It was reported on February 21st, that the House Energy and Commerce Committee planned on scrutinizing the FDA's device approval process, so that the regulatory process does not force U.S. jobs overseas. Joe Pitts (R) PA, aka as "the Pittstop," recently blogged on "The Hills," that he and his panel want to explore why Europe has gained an advantage over the U.S. TSB must ask Congressman Pitts, where have you been for the last twenty years? No one ever accused Mr. Pitts of being a medical device expert, considering that he was a math and science teacher before venturing into public service. Pitts believes that medical device jobs are great. If he truly believe this, maybe after he is done investigating the FDA, he could start on POD's. His goal is to make America safer and stronger. As medical device manufacturing continues its exodus off shore, the question must be asked, is medical innovation truly being destroyed by bureaucracy, or is this just part of a larger problem?
What has provoked this inquiry was CDRH's Director Jeffrey Shuren's comments on February 17th in front of the House Subcommittee that "the (medical device) industry should take more blame for review delays." Obviously, this comment along with his comment that "the U.S. does not use its people as guinea pigs," has raised the ire of many a CEO and entrepreneurs. As stated in previous blogs, the FDA has plenty of its own challenges. These challenges run the gamut, from being nothing more than a training ground (attrition) for corporate America, to being overworked and inundated with submissions, to offering a paltry salary, to inexperienced reviewers. But what about the industry? Accountability is a two way street, whenever two parties are involved, and that's where the problem lies, and that's why we are at an impasse. Dealing with the FDA is black and white in terms of transparency, and please spare TSB the rationale that corporations never ever do anything wrong. If we want the FDA to exhibit more speed and transparency, maybe its time that the FDA scrutinize and report back to the Captains of Industry how inefficient some of their employees really are. It's always interesting to read another websites position on this, considering it is always slanted toward the industry. God forbid questioning some of our practices. The efficiency of some 510(k)s is questionable at best. Lack of clinical knowledge, not knowing predicate devices, and at times comparing it to the wrong devices. In addition, how many companies have attempted to massage testing data only to have to go back and do it all over again?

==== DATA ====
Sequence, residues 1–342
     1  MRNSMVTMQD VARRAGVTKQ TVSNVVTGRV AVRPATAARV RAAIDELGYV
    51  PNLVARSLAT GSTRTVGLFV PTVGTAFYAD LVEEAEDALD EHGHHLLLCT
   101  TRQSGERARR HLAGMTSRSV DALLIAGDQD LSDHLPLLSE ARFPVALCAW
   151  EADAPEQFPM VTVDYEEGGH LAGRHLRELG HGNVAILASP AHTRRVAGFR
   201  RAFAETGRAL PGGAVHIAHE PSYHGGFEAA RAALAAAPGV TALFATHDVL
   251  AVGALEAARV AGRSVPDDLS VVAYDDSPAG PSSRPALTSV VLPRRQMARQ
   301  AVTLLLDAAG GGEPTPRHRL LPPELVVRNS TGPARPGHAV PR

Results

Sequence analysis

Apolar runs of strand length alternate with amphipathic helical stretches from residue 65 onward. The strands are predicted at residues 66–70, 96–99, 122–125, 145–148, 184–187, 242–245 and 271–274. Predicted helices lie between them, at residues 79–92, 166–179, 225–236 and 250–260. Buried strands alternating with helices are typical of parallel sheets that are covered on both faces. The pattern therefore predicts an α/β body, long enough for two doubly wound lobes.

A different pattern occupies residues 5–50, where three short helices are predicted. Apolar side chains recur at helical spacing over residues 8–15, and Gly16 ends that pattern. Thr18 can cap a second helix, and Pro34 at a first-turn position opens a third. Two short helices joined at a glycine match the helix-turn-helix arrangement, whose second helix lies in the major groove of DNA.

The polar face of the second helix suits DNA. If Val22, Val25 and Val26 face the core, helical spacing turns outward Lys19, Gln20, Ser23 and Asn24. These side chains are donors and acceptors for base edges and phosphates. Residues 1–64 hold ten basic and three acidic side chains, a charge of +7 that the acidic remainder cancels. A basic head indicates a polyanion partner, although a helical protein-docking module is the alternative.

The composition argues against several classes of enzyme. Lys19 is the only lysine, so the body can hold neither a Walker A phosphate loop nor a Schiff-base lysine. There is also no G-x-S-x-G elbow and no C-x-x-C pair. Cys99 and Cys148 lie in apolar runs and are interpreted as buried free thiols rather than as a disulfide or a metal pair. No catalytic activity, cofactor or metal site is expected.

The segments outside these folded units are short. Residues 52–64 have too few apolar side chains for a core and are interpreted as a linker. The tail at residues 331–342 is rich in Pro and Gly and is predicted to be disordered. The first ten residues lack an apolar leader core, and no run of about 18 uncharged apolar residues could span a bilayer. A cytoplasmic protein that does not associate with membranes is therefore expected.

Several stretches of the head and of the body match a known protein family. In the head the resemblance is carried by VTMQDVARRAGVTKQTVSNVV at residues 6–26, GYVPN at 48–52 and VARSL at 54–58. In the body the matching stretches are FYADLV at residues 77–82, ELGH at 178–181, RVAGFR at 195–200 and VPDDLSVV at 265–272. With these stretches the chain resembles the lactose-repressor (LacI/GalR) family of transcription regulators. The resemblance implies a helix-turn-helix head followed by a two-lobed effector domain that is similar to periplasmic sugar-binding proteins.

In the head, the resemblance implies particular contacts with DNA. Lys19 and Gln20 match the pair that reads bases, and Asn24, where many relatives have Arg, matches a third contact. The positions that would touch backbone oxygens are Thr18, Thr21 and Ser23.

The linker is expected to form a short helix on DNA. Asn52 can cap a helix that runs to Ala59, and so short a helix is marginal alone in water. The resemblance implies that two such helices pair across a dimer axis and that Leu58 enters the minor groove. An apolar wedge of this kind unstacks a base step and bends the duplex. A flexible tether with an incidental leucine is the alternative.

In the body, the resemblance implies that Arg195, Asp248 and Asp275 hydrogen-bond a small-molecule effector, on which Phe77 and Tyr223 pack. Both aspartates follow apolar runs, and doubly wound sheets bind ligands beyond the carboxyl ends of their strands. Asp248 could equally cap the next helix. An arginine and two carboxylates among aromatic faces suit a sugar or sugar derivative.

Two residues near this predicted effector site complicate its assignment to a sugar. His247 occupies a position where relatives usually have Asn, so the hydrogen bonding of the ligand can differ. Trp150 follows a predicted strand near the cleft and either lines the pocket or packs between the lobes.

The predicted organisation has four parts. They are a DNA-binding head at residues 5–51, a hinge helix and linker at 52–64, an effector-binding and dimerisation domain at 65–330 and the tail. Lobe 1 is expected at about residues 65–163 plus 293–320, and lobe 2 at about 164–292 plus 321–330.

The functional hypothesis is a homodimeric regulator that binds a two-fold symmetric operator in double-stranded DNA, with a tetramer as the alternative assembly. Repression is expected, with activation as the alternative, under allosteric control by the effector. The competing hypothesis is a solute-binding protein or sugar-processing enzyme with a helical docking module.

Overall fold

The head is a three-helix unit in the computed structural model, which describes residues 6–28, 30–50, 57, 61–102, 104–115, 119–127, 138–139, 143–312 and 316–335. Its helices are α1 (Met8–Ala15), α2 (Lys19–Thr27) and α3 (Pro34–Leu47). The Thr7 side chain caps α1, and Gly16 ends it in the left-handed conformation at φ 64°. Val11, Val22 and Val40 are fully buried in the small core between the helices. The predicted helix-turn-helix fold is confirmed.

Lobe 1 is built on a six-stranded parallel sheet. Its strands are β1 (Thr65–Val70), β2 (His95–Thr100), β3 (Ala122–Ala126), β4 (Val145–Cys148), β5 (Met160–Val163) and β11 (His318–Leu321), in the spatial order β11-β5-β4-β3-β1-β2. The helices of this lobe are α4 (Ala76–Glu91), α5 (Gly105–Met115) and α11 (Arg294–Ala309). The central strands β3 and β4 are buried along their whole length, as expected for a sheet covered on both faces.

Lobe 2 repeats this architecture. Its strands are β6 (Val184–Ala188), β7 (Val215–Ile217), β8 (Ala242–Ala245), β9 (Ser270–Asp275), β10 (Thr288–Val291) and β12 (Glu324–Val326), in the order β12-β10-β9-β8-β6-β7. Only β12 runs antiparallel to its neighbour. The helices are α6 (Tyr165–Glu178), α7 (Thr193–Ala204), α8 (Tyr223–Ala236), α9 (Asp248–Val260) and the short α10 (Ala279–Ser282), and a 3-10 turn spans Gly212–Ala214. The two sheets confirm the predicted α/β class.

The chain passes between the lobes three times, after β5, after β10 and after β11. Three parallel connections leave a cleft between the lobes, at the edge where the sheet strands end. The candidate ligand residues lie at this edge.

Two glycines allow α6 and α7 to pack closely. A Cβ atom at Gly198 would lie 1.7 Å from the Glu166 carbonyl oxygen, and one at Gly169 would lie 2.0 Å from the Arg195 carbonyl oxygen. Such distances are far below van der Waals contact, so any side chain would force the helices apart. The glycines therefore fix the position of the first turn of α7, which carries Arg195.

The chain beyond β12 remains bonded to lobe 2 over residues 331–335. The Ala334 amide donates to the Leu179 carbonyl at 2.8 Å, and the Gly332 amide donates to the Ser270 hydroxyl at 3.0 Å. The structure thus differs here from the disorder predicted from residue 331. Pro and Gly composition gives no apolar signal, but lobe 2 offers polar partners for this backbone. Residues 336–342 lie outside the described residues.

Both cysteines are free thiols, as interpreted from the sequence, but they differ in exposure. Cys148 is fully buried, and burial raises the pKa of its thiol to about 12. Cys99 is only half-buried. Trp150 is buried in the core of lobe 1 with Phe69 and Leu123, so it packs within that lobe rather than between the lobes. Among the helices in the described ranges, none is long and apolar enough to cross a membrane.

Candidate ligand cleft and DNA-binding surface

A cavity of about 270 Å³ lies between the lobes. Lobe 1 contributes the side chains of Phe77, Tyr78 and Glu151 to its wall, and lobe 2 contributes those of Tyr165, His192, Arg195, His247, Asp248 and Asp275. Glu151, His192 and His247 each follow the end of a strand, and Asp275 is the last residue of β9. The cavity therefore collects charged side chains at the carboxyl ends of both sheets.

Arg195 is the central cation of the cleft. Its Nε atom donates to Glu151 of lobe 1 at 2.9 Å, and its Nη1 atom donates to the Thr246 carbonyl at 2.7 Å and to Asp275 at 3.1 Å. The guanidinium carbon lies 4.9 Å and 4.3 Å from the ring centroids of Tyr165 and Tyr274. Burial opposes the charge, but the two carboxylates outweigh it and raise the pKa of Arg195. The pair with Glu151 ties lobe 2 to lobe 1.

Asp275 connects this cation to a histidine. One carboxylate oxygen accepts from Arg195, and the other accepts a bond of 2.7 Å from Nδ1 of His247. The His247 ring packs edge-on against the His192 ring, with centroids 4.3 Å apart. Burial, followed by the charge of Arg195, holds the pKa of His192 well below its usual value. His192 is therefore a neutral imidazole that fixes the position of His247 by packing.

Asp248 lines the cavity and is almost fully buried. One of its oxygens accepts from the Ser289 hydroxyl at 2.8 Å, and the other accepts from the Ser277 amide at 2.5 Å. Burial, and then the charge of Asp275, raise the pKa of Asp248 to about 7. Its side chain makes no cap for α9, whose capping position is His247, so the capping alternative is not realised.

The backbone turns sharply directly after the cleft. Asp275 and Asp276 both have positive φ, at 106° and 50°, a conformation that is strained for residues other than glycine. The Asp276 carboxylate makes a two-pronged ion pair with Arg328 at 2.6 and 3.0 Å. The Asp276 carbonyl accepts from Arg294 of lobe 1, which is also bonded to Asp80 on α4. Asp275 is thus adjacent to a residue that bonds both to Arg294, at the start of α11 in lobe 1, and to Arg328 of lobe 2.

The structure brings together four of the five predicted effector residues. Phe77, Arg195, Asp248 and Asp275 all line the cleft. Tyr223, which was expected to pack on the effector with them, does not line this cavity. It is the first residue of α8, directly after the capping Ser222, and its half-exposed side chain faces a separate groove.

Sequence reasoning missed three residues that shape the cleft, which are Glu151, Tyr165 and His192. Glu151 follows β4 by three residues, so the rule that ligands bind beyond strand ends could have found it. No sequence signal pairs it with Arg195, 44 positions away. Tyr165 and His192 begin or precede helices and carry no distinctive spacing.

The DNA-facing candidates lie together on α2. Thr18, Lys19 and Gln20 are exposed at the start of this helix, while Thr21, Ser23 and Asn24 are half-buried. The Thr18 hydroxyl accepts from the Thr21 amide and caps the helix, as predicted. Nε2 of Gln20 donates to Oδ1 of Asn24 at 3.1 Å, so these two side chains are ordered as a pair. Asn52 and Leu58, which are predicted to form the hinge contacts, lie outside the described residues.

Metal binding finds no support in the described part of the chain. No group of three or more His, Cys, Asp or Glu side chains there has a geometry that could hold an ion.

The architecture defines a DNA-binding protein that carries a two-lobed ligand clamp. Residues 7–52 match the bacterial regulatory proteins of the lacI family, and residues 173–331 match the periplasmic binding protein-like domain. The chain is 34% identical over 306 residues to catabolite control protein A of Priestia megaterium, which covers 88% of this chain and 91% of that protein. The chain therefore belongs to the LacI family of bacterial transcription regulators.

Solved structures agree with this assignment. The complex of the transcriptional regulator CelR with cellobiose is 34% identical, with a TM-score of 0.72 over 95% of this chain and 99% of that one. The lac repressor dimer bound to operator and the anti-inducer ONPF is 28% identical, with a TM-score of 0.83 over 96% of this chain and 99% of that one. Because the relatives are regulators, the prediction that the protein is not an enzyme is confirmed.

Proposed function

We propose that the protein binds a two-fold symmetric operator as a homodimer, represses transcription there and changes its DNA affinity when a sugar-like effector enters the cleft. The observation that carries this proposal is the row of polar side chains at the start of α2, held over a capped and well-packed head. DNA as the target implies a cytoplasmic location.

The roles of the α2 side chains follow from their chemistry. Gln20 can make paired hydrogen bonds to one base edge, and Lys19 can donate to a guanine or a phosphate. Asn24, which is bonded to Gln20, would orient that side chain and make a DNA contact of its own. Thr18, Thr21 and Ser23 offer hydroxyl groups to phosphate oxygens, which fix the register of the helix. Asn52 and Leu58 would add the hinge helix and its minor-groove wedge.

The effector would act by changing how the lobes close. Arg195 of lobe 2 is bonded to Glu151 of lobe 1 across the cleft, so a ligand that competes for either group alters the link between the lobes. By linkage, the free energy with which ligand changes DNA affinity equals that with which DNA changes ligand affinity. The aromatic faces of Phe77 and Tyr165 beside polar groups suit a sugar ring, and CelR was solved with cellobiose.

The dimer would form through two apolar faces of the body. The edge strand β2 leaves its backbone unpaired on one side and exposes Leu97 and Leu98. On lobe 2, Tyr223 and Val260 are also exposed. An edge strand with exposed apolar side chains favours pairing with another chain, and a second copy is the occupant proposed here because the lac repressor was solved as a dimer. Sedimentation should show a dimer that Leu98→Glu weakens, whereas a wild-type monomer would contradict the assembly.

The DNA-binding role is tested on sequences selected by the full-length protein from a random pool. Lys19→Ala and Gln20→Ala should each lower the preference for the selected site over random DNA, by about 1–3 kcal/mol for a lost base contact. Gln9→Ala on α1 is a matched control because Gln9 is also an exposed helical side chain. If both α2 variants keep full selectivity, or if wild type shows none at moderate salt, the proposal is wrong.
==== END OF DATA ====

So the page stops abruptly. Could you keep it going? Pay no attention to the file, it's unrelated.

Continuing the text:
Maybe Josh Makower should spend some time analyzing why some of the companies that he surveyed took 2-3 years to get their products to the market. Considering that time to commercial market is of tantamount importance to any investor, how much of his position is influenced by his investments? But let's discuss the truth. The truth is that at times, bringing an emerging technology to market is more art than science. There are multiple variables going on simultaneously during each project with a unique DNA or blueprint depending on the product or drug. Most entrepreneurs are focused on one thing and one thing only, time to market and ROI, and anyone that denies that is an outright BS artist. It's acceptable to deprive a physician and patient a product, if it means safety comes first. I wouldn't expect anything less than an entrepreneur complaining that time delays innovation, because time is money.
Considering that the government is looking to cut funding across the board, how much leaner can agencies like the FDA get? Who will determine what a breakthrough device really is, if we ask people to work longer hours, with less experience, with less resources? Some Congressman who is being greased by special interests? Privatizing the FDA? In deference to Jeffrey Shuren, how many of us have sat at meeting in the past and viewed surgeons doing three or four level artificial disc replacements only to have to revise the procedure because the disc spit out or retropulsed, only to find out that this was done south of the border? How many times have we sat and listened to some surgeon discuss dynamic stabilization only to shake our heads in amazement because the talk was so esoteric that even the surgeon himself did not know what he was looking to achieve? It has become in vogue to kick and scream at the government, regardless whether you are a democrat or republican. But what about our own accountability when it comes to doing the right thing? Remember, as long as it isn't your mother or father, sister or brother, son or daughter or best friend, the reality is that most of us only care about the benjamins, until its your turn, and then it becomes a different story. So, in the spirit of debate, what are the solutions? We know the challenges, and contrary to industry and investor cheerleaders like Makower, what are the legitimate solutions? TSB wants to know what you think?